– Ketul Acharya
For a country like India, where approximately 65% of the population is below 35 years of age, the human resources component is a vital component of its economy. It is because of this reason that tapping the same through gainful employment is crucial, which is why adequate education and skilling are essential.
India is on the verge of a digital revolution, which is all set to impact diverse sectors, creating a new set of jobs, and rendering some existing ones obsolete. The ‘digital economy’ will demand very different skills, though some real economy vocations such as plumbing or carpentry will survive. This dynamic trend could be attributed to the beginning of a ‘Fourth Industrial Revolution’. According to a PwC report, Artificial Intelligence or AI will contribute as much as $15.7 trillion to the world economy by 2030. Given India’s strength in technology, favorable demographics and structural advantages in the availability of advanced data, India can be an AI pioneer. AI has the potential to add $957 billion to India’s economy by 2035, lifting it by 15% (Accenture report). India’s data diversity is a big draw for global AI implementers. AI can be a game changer in government, where “scale” and “quality” need to be addressed simultaneously. On the flip side, and as per a McKinsey report, an estimated 400-800 million people around the globe could be displaced by automation, and will, hence, need to find new jobs by 2030, for which they will require new skills. There will be considerable need for re-skilling and training. While the impending change holds great promise, the patterns of consumption, production, and employment created by it also pose major challenges requiring proactive adaptation by corporations, governments and individuals. As industries adjust, most occupations are undergoing a fundamental transformation. While some jobs are threatened by redundancy and others grow rapidly, existing jobs are also going through a change in skill sets required to execute them. By 2020, according to the World Economic Forum, 4% of all jobs will have a core requirement for physical abilities such as physical strength or dexterity; 36% of all jobs, across all industries, are expected to require complex problem-solving as one of their core skills.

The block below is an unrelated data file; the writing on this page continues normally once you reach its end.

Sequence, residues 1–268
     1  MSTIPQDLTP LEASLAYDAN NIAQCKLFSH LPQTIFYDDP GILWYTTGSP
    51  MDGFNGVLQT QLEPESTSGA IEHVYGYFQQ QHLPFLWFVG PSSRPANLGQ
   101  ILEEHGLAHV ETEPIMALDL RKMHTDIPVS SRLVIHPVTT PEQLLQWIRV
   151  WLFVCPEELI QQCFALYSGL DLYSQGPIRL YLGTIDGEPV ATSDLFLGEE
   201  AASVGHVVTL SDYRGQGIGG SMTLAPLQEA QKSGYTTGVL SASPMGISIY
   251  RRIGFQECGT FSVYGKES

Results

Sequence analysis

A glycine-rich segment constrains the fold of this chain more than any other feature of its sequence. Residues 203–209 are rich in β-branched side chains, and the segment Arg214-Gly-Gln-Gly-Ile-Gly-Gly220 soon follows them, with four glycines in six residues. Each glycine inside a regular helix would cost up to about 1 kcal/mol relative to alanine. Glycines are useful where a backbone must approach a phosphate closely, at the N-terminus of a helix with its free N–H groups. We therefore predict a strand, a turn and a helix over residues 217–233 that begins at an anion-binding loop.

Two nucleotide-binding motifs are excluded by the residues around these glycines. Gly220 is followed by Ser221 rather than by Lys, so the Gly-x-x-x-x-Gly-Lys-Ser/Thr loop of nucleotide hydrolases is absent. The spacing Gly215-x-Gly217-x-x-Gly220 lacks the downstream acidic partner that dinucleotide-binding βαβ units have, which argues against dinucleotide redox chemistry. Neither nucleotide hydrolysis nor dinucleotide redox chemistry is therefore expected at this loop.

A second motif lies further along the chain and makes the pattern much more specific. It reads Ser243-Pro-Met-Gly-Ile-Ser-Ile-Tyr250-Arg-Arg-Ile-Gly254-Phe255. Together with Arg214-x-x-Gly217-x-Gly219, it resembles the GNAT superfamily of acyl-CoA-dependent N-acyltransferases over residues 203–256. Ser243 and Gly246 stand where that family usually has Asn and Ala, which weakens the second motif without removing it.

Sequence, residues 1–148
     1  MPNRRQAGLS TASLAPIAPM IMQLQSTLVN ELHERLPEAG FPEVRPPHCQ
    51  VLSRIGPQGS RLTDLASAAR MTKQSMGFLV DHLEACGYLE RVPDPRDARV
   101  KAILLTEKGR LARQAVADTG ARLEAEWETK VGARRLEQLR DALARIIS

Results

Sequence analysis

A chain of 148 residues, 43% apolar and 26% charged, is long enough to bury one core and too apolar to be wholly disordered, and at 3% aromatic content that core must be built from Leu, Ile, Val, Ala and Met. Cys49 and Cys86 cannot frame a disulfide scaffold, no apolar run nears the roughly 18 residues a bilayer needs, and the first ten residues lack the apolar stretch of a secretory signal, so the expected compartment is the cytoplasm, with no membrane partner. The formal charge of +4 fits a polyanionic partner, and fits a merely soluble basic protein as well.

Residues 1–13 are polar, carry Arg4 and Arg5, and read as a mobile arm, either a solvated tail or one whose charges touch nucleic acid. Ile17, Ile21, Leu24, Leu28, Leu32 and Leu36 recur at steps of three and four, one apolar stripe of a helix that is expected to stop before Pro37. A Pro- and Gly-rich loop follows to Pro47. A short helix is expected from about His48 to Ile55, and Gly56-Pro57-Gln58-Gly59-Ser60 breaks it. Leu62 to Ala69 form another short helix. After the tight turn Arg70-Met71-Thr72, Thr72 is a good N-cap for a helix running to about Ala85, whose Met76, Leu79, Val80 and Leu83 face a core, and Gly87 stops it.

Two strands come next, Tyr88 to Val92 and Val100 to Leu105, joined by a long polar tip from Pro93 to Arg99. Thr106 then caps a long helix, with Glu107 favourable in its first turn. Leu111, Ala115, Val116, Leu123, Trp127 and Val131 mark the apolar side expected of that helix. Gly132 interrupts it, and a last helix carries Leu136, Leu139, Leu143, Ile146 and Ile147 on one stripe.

The quantitative, as well as qualitative skill gaps, can further widen going forward if there are no or limited efforts towards addressing the key supply related issues. As per the skill gap study conducted by the National Skill Development Cooperation (NSDC) over 2010 – 2014, there is an additional net requirement of 109.73 million skilled manpower by 2022 across 24 key sectors. As India strengthens its base as a knowledge economy, there would be additional requirements to the highly skilled workforce in sectors like financial services, IT/ITeS, Biotechnology, Health-care, and Pharmaceuticals. Further, with value-added industries being given a policy push under the ‘Make in India’ initiative, the highly skilled workforce would also be required in high-end industries.